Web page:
What characteristics are highly desirable to buyers in the AEC industry right now?
Your expectations in terms of buyer interest should vary based on several factors having to do with your firm’s composition. Things such as employee count, verticals serviced, and geographic locations all play a huge role in how big the pool of interested buyers will be if you choose to go to market today. In this article, I’ll briefly discuss some of the firm characteristics that are attracting the largest pool of buyers at the moment, and consequently, are typically trading at the highest multiples.
- Public infrastructure. Everyone in our industry knows there’s an upcoming $1.2 trillion infrastructure bill, and buyers are willing to pay generous multiples to add to their labor force and enhance their ability to capitalize on the anticipated influx of municipal and federal contracts. Specifically, the new spending includes $240 billion worth of funding toward transportation related infrastructure alone. Breakdowns below:
- Roads and bridges: $110 billion
- Railroads: $66 billion
- Public transit: $39 billion
- Airports: $25 billion
- If your firm services any of the verticals listed above, you’ve almost definitely received an inquiry from an interested suitor in the past several months. Any firms with capabilities related to the power grid ($65 billion), water infrastructure ($55 billion), and environmental health and safety ($21 billion), are also in high demand with increasing multiples, according to the U.S. Senate Committee on Environment and Public Works.
- Geographies. Florida, Texas, California, and Pennsylvania are the most active states in terms of M&A closings as of February 2022. Interestingly enough, all of these states are also receiving the largest amount of assistance from the infrastructure bill, according to a fact sheet from the White House:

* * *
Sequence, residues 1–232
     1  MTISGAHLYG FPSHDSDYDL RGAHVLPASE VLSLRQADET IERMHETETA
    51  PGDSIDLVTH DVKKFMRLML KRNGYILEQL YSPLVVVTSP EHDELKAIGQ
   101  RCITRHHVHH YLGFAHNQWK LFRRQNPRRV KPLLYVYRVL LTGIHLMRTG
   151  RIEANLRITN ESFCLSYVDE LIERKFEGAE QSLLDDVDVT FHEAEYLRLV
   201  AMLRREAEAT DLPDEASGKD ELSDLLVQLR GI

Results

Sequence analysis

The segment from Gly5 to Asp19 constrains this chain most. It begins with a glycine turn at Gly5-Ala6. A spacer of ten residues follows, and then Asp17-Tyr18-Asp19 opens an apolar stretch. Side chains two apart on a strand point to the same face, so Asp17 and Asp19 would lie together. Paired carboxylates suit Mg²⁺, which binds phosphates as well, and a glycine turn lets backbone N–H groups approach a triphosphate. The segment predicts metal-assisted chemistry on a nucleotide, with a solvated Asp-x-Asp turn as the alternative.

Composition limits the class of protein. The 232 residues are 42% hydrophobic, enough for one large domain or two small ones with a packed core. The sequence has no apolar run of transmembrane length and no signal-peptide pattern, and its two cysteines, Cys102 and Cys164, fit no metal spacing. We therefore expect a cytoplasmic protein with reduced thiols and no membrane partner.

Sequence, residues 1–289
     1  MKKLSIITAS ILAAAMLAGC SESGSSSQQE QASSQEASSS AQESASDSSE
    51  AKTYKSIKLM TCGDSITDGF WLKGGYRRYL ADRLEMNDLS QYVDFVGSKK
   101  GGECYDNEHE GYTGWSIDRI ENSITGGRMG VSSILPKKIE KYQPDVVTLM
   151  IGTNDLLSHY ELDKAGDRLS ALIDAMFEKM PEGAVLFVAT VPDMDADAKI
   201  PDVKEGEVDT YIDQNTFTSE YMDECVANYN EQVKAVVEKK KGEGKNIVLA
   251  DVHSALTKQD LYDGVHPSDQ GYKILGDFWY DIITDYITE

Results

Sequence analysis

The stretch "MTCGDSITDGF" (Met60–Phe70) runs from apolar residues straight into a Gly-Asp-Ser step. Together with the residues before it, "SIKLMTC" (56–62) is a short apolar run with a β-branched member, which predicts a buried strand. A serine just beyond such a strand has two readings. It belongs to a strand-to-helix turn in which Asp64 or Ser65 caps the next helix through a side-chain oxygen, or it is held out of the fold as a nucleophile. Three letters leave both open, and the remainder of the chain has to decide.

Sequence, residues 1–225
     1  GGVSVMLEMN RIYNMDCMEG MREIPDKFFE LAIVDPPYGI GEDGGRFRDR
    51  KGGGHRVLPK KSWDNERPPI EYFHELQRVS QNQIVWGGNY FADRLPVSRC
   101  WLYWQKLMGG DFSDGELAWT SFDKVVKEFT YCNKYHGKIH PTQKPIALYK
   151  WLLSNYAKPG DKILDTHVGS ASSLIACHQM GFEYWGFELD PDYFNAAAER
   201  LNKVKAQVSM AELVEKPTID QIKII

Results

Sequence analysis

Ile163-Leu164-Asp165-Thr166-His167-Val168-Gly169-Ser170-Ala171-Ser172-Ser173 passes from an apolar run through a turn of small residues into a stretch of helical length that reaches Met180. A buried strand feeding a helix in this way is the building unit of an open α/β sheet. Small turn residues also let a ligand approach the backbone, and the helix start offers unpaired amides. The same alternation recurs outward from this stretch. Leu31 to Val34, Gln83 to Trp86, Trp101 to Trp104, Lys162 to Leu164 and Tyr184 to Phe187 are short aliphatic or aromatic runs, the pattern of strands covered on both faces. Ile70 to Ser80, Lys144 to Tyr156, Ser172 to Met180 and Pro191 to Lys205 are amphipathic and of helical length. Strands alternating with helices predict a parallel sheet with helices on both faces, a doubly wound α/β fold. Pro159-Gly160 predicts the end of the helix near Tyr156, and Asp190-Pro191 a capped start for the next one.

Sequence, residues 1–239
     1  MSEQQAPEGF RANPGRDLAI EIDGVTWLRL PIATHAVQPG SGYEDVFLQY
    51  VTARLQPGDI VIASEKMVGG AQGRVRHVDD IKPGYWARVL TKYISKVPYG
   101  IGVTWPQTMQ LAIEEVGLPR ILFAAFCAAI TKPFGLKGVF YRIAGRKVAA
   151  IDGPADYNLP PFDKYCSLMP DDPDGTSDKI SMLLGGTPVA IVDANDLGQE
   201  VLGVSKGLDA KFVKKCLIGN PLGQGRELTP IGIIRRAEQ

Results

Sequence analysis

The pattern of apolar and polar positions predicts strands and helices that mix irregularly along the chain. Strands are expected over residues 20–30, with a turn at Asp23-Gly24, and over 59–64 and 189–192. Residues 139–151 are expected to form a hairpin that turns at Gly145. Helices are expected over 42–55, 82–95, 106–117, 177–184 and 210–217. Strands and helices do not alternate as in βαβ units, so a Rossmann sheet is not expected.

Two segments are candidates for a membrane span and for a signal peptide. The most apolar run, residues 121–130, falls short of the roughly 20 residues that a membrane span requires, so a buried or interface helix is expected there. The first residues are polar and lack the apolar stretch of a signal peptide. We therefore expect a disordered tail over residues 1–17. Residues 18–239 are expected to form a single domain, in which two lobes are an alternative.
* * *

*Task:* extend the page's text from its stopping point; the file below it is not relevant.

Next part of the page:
- California: $45 billion
- Texas: $35 billion
- New York: $27 billion
- Florida: $19 billion
- Pennsylvania: $18 billion
- Of these states, we are seeing the highest multiples in Texas and Pennsylvania. This is likely because these states have metros that are growing rapidly and there’s an increasing demand for engineering services that is much greater than the labor force available to do the work. (High demand and low supply equates to an expensive product or service.) California and Florida, however, are flush with engineering firms, lead primarily by baby boomers who are looking to retire. These markets are experiencing more consolidation than growth, causing the multiples to stay more or less steady.
- Firm size. The market as a whole is relatively agnostic to firm size at the moment. Almost any firm located in one of the previously listed areas or servicing one of the previously listed verticals can easily find a buyer that’s willing to pay a strong multiple. However, the type of buyer that you’ll be dealing with will likely differ depending on the size of your firm. For the sake of simplicity, we’ll discuss firm size by way of adjusted EBITDA.
- If your firm has an EBITDA of less than $5 million, you’ll likely be dealing with a pool of buyers that consists of mainly strategic architecture and engineering operating companies that are looking to grow their labor force or expand into a promising vertical or metro. Once you get above $5 million adjusted EBITDA, you’ll start to attract financial buyers that may be able to fit you into their portfolio in one of several different ways. If your firm is above $10 million EBITDA, you may be a prime candidate to operate as a platform company. If you’re less than $10 million in EBITDA, it’s more likely that you’ll fit into the portfolio as a bolt-on acquisition that fits the strategic growth goals of the platform. Note that these values definitely vary based on the situation, but these are good “ballpark figures” to use for the sake of discussion and edification. Taking a deeper dive into those two acquisition types will likely require an entire article of its own. Soon to come.
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